Slip of a reciprocating pump is defined as the difference between theoretical and the actual discharge. i. e. Slip = Theoretical discharge - Actual discharge = Qth. - Qa Slip can also be expressed in terms of %age and given by
Slip Where Cd is known as co-efficient of discharge and is defined as the ratio of the actual discharge to theoretical discharge. Cd = Qa / Qth. Value of Cd when expressed in percentage is known as volumetric efficiency of the pump. Its value ranges between 95 ---98 %. Percentage slip is of the order of 2% for pumps in good conditions.
Negative slip • It is not always that the actual discharge is lesser than theoretical discharge. In case of a reciprocating pump with long suction pipe, short delivery pipe and running at high speed, inertia force in the suction pipe becomes large as compared to the pressure force on the outside of delivery valve. This opens the delivery valve even before the piston has completed its suction stroke. Thus some of the water is pushed into the delivery pipe before the delivery stroke is actually commenced. This way the actual discharge becomes more than theoretical discharge. • Thus co-efficient of discharge increases from one and the slip becomes negative.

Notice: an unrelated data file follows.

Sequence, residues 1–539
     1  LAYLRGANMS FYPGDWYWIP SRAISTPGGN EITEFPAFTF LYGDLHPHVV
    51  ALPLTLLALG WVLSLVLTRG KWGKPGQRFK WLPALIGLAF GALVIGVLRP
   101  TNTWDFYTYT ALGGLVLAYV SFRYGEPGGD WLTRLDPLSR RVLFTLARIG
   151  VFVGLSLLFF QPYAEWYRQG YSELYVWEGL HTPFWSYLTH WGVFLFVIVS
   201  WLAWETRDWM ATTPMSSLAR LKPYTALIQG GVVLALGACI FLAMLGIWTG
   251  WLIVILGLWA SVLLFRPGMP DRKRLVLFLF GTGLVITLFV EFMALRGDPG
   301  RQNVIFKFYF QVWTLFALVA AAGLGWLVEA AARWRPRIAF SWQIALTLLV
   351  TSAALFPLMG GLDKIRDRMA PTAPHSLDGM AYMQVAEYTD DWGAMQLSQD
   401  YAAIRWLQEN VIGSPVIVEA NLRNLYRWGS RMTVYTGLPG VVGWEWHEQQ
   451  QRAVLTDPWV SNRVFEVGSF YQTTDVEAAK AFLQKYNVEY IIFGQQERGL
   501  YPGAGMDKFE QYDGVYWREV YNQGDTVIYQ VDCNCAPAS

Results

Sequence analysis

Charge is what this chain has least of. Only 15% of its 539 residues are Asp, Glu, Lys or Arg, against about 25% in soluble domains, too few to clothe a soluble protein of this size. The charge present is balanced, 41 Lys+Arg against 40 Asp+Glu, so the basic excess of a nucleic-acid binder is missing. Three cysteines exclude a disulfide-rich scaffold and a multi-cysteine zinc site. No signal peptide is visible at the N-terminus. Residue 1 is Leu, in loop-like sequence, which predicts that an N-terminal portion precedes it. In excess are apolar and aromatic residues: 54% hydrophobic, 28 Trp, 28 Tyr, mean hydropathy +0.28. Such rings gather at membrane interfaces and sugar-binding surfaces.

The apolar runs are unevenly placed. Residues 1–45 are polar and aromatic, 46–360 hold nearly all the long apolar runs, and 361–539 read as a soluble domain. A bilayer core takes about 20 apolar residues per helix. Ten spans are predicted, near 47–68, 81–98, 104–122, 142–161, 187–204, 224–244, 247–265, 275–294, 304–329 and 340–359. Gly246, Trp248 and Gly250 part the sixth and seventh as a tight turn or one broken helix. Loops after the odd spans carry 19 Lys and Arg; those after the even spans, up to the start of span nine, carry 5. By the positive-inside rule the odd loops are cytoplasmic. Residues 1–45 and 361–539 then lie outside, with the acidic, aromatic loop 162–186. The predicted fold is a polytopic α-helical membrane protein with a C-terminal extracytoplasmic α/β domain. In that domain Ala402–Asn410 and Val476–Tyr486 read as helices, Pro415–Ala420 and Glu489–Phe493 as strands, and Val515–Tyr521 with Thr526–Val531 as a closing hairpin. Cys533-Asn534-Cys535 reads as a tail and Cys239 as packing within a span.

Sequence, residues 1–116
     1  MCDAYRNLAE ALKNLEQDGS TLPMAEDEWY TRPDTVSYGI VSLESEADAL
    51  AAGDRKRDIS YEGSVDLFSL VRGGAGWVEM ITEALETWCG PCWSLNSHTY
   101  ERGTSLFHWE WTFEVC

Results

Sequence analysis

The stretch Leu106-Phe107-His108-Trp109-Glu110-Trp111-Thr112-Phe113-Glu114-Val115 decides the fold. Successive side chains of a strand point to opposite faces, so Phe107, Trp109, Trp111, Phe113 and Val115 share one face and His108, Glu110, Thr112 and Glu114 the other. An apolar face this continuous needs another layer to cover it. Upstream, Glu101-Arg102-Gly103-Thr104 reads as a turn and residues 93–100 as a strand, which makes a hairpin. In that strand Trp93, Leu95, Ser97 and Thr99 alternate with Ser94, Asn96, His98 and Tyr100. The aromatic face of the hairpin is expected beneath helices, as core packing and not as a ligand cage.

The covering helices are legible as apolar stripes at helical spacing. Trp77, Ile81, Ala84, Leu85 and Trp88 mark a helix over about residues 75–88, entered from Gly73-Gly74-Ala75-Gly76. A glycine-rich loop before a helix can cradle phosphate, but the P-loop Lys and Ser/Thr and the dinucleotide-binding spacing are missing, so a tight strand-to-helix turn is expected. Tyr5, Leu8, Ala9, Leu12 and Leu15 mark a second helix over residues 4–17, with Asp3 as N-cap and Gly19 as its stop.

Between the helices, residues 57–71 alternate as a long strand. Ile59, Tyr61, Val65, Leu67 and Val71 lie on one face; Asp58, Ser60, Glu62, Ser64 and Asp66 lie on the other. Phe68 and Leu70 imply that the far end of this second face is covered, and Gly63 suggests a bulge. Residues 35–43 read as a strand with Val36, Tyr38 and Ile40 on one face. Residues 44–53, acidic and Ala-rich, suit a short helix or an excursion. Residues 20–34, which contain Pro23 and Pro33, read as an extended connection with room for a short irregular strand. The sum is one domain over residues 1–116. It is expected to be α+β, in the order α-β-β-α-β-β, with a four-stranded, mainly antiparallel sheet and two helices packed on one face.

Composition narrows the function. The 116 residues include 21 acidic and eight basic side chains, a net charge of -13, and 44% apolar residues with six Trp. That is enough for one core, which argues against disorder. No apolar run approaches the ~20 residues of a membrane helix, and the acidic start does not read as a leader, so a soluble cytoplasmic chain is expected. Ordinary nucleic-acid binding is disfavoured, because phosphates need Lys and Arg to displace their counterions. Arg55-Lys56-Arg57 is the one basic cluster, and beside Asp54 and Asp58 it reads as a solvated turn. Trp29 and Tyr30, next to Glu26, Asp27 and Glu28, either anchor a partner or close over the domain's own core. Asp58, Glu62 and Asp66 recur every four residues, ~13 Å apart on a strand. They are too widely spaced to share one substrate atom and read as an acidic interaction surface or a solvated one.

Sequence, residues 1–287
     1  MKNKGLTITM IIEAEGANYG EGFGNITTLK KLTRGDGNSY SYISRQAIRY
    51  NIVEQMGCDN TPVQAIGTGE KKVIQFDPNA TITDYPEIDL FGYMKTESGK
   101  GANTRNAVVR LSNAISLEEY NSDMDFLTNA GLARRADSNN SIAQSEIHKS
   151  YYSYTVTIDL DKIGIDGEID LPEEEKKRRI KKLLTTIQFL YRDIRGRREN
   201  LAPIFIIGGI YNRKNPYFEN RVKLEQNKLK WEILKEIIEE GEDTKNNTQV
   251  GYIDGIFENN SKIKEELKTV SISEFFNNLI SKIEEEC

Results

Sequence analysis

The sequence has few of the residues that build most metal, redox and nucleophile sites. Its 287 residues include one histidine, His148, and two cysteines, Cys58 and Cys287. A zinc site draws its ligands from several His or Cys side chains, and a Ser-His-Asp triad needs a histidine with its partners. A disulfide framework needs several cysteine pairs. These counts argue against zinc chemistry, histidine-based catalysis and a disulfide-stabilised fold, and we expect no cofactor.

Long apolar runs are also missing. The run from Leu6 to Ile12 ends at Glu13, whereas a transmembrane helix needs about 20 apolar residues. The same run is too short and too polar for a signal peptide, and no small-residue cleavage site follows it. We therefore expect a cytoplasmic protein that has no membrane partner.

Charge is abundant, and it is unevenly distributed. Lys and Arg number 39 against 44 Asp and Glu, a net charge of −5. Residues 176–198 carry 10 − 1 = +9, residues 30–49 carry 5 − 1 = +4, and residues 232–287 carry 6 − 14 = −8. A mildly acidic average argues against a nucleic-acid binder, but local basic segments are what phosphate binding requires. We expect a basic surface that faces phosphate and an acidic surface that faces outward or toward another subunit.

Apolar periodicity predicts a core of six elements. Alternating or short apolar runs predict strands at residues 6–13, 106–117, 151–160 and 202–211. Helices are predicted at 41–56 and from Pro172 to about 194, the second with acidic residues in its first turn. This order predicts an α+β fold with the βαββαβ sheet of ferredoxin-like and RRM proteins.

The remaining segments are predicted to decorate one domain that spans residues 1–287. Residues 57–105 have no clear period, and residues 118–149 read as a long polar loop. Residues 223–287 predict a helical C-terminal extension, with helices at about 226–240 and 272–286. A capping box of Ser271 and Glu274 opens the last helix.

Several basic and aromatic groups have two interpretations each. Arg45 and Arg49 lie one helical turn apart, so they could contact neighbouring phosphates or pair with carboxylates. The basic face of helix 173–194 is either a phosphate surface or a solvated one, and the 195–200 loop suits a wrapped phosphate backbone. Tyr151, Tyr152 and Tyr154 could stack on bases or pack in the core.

Power Input Consider a single acting reciprocating pump. Let hs = Suction head or difference in level between centre line of cylinder and the sump. hd = Delivery head or difference in between centre line of cylinder and the outlet of delivery pipe. Hst = Total static head = hs + hd Theoretical work done by the pump = ρ Qth g Hst
Power Input Power input to the pump However, due to the leakage and frictional losses, actual power input will be more than theoretical power. Let η = Efficiency of the pump. Then actual power input to the pump
0. 018 m 3 /s of water per second when running at 60 rpm. Stroke length is 50 cm and the diameter of the piston is 22 cm. If the total lift is 15 m, determine: a) Theoretical discharge of the pump b) Slip and percentage slip of the pump c) Co-efficient of discharge d) Power required running the pump Solution: L = 0. 5 m Qa = 0. 018 m 3 /s D = 0. 22 m N = 60 rpm Hst = 15 m
Problem-1 Solution: (a) Qth = (π/4)x(0. 22)2 x(0. 5 x 60/60) Qth = 0. 019 m 3 /s (b) Slip = Qth - Qa Slip = 0. 019 – 0. 018 = 0. 001 m 3 /s Percentage slip = (Qth - Qa)/ Qth = (0. 019 -0. 018)/0. 019 = 0. 0526 or 5. 26%